Portsmouth Naval Memorial shines light on Scottish rugby legend

Image
His Royal Highness the Duke of Kent will be visiting the Portsmouth Naval Memorial and Southampton (Hollybrook) Cemetery on 19 February to unveil the latest information panels put in place by the CWGC.

The panels carry information about the site and the reason why it is situated where it is. Each panel also carries a code which, when scanned with a smartphone, provides further information, including the personal stories of some of the casualties buried or commemorated at the location.

The code on the Portsmouth Naval Memorial panel reveals the story of David Bedell-Sivright, a Scottish Rugby international who captained the British Lions and died at Gallipoli; and the code at Hollybrook tells more about Lord Kitchener, who is commemorated on the Memorial there.

HRH The Duke of Kent said: ‘The Commonwealth War Graves Commission is at the heart of events to mark the centenary of the First World War. Our cemeteries and memorials will be the focus for many acts of remembrance over the coming years and this initiative will help inform visitors of the historical context which brought these places into being, while putting a human face to the names of those who died. It is a powerful means of combining traditional methods with new technology to ensure we never forget.’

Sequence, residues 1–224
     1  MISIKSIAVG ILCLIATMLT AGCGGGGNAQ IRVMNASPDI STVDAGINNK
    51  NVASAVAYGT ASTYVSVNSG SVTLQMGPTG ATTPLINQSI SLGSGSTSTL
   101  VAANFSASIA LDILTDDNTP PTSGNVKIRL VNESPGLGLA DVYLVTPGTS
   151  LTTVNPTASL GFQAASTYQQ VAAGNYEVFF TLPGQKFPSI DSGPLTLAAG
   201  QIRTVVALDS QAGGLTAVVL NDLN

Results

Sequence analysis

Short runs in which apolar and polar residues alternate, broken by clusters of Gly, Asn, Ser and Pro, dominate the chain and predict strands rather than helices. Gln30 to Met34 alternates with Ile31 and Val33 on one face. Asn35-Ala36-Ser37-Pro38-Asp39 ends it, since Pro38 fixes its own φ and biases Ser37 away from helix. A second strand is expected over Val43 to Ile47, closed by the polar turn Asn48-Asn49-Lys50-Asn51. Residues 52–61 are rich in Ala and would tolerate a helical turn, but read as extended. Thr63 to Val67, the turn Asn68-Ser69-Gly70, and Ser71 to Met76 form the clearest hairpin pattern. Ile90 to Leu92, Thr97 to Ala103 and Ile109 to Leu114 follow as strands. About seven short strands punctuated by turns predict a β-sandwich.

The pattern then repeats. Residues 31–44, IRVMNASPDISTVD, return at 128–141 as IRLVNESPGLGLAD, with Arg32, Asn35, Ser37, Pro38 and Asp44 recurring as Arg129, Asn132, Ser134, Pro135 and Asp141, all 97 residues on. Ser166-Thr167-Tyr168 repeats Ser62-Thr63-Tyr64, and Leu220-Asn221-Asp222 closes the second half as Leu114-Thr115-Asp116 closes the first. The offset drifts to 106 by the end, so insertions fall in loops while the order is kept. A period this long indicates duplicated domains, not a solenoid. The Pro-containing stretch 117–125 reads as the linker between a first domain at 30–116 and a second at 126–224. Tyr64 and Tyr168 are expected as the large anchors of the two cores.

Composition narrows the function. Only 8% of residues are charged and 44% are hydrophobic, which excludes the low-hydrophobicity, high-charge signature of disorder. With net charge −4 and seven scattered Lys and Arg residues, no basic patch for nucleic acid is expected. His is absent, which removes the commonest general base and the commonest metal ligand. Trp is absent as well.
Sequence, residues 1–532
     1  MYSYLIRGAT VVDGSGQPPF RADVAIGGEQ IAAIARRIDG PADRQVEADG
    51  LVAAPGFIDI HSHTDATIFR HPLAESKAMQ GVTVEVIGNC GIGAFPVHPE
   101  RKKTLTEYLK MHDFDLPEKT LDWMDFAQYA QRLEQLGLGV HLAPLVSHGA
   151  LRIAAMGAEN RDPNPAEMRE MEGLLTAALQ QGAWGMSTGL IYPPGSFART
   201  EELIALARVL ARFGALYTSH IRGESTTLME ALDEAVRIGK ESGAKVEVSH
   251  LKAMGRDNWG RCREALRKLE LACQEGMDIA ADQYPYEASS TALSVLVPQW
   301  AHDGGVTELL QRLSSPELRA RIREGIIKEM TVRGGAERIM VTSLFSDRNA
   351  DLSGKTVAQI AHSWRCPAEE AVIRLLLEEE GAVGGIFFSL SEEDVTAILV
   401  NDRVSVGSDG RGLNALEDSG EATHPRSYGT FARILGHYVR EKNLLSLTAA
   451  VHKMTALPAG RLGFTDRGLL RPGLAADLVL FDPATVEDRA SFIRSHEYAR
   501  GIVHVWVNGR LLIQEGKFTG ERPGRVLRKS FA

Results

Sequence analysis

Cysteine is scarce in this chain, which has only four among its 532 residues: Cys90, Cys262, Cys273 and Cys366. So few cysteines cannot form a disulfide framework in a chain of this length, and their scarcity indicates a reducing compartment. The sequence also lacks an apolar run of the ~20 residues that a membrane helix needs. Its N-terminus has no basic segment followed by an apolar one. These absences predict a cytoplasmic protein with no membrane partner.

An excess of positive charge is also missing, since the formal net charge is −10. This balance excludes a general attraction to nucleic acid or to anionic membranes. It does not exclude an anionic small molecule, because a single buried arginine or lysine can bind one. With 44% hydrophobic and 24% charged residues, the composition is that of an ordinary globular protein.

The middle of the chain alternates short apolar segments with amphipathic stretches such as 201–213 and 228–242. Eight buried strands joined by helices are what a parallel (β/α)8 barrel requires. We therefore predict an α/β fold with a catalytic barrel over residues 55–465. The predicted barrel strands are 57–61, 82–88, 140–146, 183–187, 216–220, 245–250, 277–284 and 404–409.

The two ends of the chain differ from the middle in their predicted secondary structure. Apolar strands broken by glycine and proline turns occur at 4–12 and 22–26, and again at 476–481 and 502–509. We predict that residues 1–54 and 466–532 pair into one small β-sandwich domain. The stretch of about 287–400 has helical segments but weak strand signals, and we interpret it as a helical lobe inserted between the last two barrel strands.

Bedell-Sivright was born in 1880 in Edinburgh and attended Fettes College and Trinity College Cambridge. He gained blues at Cambridge between 1899 and 1902 and was first capped for Scotland in 1900. He went on to win 21 Scottish caps and to represent the British Lions on tours to South Africa (1903) and Australia (1904).

A combative wing-forward, he is rumoured to have once tackled a carthorse in central Edinburgh.

On 25 January 1915 he was commissioned as a surgeon in the Royal Navy and in May 1915 went to Gallipoli with the Hawke Battalion of the Royal Naval Division.

In September 1915 he was attached to the Royal Marine Light Infantry when he complained of being bitten by an insect. He contracted septicaemia and died on 5 September 1915.

Advertisements
This entry was posted in News, Soldiers of the Great War and tagged , , , , , , , , , , , , . Bookmark the permalink.

Leave a Reply

Fill in your details below or click an icon to log in:

WordPress.com Logo

You are commenting using your WordPress.com account. Log Out / Change )

Twitter picture

You are commenting using your Twitter account. Log Out / Change )

Facebook photo

You are commenting using your Facebook account. Log Out / Change )

Google+ photo

You are commenting using your Google+ account. Log Out / Change )

Connecting to %s